Boundary currents (such as the East Australian Current, the California Current and the Agulhas Current) are often considered to be the primary drivers of connectivity among populations of coastal species. Using a combination of microsatellite data and oceanographic modelling, we show that boundary currents in temperate southern Australia are not particularly important in maintaining connectivity in the coastal snail Nerita atramentosa, a species whose larvae remain in the plankton for several months. Few of the species' larvae ever reach the region's boundary currents, and those that do will not return to the coast in time to complete development. As a result, the species' genetic structure follows a pattern of "isolation by geographic distance", suggesting that most planktonic larvae settle close to their parent habitat.

Teske PR, Sandoval-Castillo J, Waters J, Beheregaray LB (2014)
Can novel genetic analyses help to identify low-dispersal marine invasive species? Ecology and Evolution 4:2848-2866.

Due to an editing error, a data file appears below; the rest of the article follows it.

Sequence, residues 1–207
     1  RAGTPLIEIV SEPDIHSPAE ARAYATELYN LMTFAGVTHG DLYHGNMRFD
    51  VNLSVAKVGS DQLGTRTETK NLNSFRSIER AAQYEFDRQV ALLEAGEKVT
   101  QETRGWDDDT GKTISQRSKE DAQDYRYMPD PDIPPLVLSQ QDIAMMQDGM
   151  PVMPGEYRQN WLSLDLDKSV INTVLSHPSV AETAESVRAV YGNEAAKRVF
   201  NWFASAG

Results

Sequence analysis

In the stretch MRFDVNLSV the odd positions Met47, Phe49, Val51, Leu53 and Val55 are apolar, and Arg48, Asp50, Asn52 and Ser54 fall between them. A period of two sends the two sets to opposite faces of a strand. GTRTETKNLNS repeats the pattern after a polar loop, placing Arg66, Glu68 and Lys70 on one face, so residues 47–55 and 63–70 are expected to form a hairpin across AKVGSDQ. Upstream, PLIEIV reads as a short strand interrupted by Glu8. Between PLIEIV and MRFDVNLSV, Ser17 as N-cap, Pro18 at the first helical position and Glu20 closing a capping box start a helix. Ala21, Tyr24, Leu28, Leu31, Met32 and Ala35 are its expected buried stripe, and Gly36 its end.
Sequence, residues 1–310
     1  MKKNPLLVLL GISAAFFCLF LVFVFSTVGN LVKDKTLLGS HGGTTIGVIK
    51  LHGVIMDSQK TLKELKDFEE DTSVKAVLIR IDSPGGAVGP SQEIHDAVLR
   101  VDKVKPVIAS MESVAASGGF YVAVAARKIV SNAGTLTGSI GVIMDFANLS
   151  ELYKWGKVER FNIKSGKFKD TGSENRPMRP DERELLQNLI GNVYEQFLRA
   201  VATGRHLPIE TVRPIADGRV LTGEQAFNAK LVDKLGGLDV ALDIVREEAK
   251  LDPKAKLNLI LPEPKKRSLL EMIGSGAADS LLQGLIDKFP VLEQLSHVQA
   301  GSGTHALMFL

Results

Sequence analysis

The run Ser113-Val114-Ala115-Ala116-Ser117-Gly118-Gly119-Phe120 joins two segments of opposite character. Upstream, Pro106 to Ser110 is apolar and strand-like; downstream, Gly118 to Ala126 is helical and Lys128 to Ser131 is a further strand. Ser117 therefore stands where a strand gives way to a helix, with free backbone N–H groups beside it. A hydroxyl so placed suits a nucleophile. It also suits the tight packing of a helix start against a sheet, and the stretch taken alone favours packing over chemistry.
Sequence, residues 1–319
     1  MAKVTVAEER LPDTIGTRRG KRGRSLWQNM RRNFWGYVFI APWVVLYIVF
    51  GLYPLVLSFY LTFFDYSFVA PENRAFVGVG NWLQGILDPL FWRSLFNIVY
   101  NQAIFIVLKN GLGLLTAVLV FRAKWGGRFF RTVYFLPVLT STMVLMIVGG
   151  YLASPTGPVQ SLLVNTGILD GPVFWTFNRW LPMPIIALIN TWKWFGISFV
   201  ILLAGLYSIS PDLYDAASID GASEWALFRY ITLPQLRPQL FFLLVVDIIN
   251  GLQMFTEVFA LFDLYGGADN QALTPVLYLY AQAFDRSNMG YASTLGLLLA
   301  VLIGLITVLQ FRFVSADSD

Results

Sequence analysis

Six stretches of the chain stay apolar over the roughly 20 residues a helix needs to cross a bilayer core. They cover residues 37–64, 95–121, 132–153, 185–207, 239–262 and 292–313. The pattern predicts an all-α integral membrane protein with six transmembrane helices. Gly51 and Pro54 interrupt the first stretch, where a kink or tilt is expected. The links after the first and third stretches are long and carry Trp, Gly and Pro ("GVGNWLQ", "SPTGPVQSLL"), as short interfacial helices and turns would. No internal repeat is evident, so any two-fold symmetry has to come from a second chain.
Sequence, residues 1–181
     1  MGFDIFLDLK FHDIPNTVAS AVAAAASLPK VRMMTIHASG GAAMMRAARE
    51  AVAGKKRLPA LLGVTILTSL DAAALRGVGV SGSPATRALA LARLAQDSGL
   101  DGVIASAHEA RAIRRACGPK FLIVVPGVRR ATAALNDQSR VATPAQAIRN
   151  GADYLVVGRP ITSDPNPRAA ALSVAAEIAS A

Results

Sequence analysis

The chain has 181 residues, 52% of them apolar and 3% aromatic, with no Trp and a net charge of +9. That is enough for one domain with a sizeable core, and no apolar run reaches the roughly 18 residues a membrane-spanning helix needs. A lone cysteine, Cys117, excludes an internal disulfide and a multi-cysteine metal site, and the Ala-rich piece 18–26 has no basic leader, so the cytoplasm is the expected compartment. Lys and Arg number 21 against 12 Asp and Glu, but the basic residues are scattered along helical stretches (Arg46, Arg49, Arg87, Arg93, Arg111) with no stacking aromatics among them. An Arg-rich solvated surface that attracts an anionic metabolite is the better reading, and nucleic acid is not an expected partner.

The genetic study of introduced species is presently dominated by analyses that identify signature of recent colonisation by means of summary statistics. Unfortunately, such approaches cannot be used in low-dispersal species, in which recently established populations originating from elsewhere in the species' native range also experience periods of low population size because they are founded by few individuals. We tested whether coalescent-based molecular analyses that provide detailed information about demographic history support the hypothesis that a sea squirt whose distribution is centered on Tasmaniaq was recently introduced to mainland Australia and New Zealand. Methods comparing trends in population size were no more informative than summary statistics, likely because of recent intra-Tasmanian dispersal. However, estimates of divergence between putatively native and introduced populations provided information at a temporal scale suitable to differentiate between recent introductions and ancient divergence, and confirmed that all three non-Tasmanian populations were founded during the period of European settlement.